• Comparative genomics shows differences in the electron transport and carbon metabolic pathways of Mycobacterium africanum relative to Mycobacterium tuberculosis and suggests an adaptation to low oxygen tension

    Ofori-Anyinam, B.; Riley, A.J.; Jobarteh, T.; Gitteh, E.; Sarr, B.; Faal-Jawara, T.I.; Rigouts, L.; Senghore, M.; Kehinde, A.; Onyejepu, N.; et al. (2020-01)
    The geographically restricted Mycobacterium africanum lineages (MAF) are primarily found in West Africa, where they account for a significant proportion of tuberculosis. Despite this phenomenon, little is known about the co-evolution of these ancient lineages with West Africans. MAF and M. tuberculosis sensu stricto lineages (MTB) differ in their clinical, in vitro and in vivo characteristics for reasons not fully understood. Therefore, we compared genomes of 289 MAF and 205 MTB clinical isolates from the 6 main human-adapted M. tuberculosis complex lineages, for mutations in their Electron Transport Chain and Central Carbon Metabolic pathway in order to explain these metabolic differences. Furthermore, we determined, in silico, whether each mutation could affect the function of genes encoding enzymes in these pathways. We found more mutations with the potential to affect enzymes in these pathways in MAF lineages compared to MTB lineages. We also found that similar mutations occurred in these pathways between MAF and some MTB lineages. Generally, our findings show further differences between MAF and MTB lineages that may have contributed to the MAF clinical and growth phenotype and indicate potential adaptation of MAF lineages to a distinct ecological niche, which we suggest includes areas characterized by low oxygen tension.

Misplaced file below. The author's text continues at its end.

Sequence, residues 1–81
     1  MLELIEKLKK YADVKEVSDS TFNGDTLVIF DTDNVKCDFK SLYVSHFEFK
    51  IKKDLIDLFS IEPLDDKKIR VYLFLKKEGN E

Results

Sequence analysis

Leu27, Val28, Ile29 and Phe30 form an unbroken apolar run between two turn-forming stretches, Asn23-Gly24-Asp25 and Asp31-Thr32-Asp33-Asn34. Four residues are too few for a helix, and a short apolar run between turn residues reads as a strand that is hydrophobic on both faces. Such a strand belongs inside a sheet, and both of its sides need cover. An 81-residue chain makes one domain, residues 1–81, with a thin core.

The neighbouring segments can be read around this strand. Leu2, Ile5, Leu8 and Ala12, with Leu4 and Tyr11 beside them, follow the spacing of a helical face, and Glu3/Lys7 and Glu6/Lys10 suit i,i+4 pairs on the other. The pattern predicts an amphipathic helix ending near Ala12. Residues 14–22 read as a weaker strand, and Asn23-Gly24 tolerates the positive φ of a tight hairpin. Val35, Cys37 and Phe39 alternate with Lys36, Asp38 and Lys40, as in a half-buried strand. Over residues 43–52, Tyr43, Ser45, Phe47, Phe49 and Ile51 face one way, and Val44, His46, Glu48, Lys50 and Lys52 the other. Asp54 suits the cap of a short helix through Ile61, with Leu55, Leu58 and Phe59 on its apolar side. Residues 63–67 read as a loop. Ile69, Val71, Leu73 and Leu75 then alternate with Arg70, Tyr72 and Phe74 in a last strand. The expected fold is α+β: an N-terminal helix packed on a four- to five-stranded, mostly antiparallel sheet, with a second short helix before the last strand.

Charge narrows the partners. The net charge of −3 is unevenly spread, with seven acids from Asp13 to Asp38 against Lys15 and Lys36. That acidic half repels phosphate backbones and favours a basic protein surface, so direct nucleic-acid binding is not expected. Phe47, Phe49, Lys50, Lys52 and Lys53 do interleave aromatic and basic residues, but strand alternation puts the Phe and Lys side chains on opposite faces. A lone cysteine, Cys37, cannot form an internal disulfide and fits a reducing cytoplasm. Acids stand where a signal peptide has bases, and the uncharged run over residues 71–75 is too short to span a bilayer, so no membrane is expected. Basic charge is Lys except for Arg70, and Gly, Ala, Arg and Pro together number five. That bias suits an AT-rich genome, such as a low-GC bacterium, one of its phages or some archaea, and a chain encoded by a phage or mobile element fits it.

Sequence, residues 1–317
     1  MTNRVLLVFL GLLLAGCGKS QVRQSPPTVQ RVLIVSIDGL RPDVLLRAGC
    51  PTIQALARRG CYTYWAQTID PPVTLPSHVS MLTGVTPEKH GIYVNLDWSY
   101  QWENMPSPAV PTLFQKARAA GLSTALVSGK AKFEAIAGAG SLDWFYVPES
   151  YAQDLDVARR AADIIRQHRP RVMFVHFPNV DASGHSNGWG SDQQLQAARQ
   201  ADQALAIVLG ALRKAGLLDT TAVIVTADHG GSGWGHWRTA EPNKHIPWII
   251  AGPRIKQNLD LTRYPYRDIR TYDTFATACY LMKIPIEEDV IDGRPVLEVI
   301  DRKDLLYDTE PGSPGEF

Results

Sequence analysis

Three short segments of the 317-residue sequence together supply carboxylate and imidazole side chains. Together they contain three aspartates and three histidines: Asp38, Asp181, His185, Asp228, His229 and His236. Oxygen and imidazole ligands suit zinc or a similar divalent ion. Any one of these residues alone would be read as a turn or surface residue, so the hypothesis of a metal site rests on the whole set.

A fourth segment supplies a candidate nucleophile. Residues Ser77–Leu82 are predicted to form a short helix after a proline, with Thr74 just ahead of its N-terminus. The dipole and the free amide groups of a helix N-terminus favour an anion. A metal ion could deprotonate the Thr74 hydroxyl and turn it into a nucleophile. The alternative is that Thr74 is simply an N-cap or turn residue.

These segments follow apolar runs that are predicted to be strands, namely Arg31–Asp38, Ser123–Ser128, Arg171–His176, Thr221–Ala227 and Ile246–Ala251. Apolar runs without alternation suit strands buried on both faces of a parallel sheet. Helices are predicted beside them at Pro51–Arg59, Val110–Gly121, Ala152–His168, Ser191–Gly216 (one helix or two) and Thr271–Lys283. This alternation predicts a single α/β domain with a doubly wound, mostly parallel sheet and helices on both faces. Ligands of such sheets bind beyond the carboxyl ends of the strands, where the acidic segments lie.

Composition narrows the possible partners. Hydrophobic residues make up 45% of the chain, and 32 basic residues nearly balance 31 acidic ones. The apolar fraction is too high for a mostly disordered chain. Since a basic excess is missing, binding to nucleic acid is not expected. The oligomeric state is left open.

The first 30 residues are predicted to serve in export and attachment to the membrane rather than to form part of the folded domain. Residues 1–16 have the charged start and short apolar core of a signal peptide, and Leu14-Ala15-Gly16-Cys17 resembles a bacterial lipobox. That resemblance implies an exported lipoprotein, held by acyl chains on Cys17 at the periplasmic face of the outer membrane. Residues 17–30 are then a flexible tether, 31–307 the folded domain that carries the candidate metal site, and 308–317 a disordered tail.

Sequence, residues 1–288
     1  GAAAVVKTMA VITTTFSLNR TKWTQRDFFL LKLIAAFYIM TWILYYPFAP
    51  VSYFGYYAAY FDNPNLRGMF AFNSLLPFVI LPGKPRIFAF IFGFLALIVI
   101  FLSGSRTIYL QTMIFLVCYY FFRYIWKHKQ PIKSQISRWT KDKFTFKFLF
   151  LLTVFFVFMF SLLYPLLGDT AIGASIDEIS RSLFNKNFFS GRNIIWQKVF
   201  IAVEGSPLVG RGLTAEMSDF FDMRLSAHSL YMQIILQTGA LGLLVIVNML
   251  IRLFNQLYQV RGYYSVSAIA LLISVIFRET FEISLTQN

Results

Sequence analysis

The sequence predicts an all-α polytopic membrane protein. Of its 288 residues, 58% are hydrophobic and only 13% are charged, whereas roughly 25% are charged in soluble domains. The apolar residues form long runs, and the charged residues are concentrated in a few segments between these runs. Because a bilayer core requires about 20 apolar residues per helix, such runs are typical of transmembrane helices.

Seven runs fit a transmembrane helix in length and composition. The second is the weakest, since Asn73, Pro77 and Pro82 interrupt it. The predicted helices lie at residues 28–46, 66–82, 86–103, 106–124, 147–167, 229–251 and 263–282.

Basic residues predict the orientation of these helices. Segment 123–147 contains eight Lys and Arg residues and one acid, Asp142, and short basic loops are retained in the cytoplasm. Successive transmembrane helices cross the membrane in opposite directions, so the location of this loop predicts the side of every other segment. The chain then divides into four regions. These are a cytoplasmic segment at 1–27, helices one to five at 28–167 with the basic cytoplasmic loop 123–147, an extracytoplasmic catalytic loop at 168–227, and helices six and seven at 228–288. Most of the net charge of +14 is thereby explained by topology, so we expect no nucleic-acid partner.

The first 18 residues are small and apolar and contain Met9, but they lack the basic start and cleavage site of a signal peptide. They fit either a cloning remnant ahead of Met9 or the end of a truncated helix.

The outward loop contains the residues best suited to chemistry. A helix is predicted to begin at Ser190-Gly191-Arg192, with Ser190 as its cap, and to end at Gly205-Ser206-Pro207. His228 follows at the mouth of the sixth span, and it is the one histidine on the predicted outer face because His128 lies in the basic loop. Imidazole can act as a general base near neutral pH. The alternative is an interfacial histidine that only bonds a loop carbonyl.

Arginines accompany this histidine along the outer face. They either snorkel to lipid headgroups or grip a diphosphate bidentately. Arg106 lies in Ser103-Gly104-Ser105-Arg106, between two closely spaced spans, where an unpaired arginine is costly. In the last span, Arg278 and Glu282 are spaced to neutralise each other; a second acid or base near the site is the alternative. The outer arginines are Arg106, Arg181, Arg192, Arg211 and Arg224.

• Time-resolved crystallography using the Hadamard transform

    Yorke, Briony A; Beddard, G.S.; Owen, R.L.; Pearson, A.R. (2014-11)